The Lived Experience of Women Who Quit Assisted Reproductive Technology Without the Birth of a Live Child and Remained Childless
Review TypeNone: Degree-based Submission
Review StatusNot Applicable (See Review Type)
Repository Posting Date2019-09-03T14:43:43Z
Author(s)Millenbach, Linda L.
Author DetailsDr. Linda L. Millenbach, RN, PhD
Lead Author Sigma AffliationTau Kappa at-Large
Level of EvidencePhenomenology
Research ApproachQualitative Research
CINAHL HeadingsInfertility -- Psychosocial Factors; Reproduction Techniques; Attitude to Pregnancy; Infertility
The purpose of this study was to describe the experience of women who quit assisted reproductive technology (ART) without the birth of alive child and remained childless. The review of the literature revealed that infertility has increased and is projected to increase in the future. Infertility has become a medical condition with ART as its cure. ART has made infertility a matter of choice. The decision to stop ART was reported to be not a failure of the reproductive physiology but a failure of personal will. A cultural expectation for women to be mothers and a cultural stigma for women who are childless exist. Social and medical pressure is reported to be present to continue ART. There have not been any studies that examined how women quit ART and remained childless in a culture that does not value quitting, values motherhood, stigmatizes women who were childless, and deems technology as the cure for infertility. The research question of this study was “What is the lived experience of women who quit assisted reproductive technology without the birth of a live child and remained childless?” A descriptive phenomenological methodology was chosen to describe this experience. The sample consisted of 12 Caucasian, middle-class working women who lived in the eastern region of the United States and stopped ART between 1990 and 2000. These women were purposefully sampled. Interviews were audiotaped and transcribed by the researcher. Collaizzi's (1978) method of phenomenological analysis was used and nine themes emerged from that data. The themes for women who stopped ART without the birth of alive child and remained childless were that they: (1) had rational reasons for stopping ART, (2) had caring expectations of health care workers, (3) developed various methods of control over ART, (4) created a new life without their own biological or adopted child, (5) valued and desired the support of other women who had experienced ART, (6) had to deal with feelings of social isolation and being an outsider, (7) grieved and may not have resolved their grief, (8) had their marriage/relationship impacted by quitting ART, and (9) ruled out adoption if either spouse was uncomfortable with it. This study had nine findings that had not been reported in the literature. These findings were women: (1) made the rational choice to stop ART based on rational reasons, (2) believed that worse things could have happened to them besides infertility, (3) had caring expectations of health care workers, (4) had their expectations met if they were “insiders,” (5) could have had their expectations of health care workers met if the health care worker practiced Peplau's (1952) theory of nursing, (6) perceived their inability to create a legacy as a biological failure, (7) did not perceive themselves as a failure because they could not have a child, (8) found the use of online chat rooms to contact other women who did ART valuable, and (9) had to deal with the assumption that they would do whatever was necessary to have a child including having a child without their husband. The women in this study were very much in control of the decision to quit ART. They did not see themselves as quitters but as women who made a rational choice to stop ART based on rational reasons. They made the decision to stop infertility treatment with or without the support of their health care workers, who frequently wanted them to continue treatment.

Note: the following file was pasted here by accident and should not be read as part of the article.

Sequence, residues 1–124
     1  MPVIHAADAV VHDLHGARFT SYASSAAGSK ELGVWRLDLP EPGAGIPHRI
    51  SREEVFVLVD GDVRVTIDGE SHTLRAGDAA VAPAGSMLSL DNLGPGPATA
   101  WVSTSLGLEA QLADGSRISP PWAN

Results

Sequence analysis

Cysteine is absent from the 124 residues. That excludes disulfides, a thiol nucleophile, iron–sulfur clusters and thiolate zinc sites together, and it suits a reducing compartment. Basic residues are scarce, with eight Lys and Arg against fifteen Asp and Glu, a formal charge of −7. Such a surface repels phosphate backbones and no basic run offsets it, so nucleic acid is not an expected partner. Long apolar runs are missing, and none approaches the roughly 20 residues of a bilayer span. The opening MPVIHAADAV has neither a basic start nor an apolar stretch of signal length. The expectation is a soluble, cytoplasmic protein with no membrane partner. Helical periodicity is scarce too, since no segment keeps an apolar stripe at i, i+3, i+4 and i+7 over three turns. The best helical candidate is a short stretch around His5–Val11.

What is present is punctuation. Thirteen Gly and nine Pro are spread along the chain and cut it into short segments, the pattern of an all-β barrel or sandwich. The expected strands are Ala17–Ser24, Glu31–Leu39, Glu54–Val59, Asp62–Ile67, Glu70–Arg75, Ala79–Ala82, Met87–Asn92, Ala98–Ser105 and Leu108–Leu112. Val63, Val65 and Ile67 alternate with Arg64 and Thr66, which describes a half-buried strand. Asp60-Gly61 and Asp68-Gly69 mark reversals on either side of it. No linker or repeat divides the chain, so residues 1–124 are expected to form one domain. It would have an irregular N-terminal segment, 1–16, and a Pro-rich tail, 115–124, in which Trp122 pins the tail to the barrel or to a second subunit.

DescriptionThis dissertation has also been disseminated through the ProQuest Dissertations and Theses database. Dissertation/thesis number: 3014278; ProQuest document ID: 250901021. The author still retains copyright.
Degree GrantorAdelphi University
NotesThis item has not gone through this repository's peer-review process, but has been accepted by the indicated university or college in partial fulfillment of the requirements for the specified degree.
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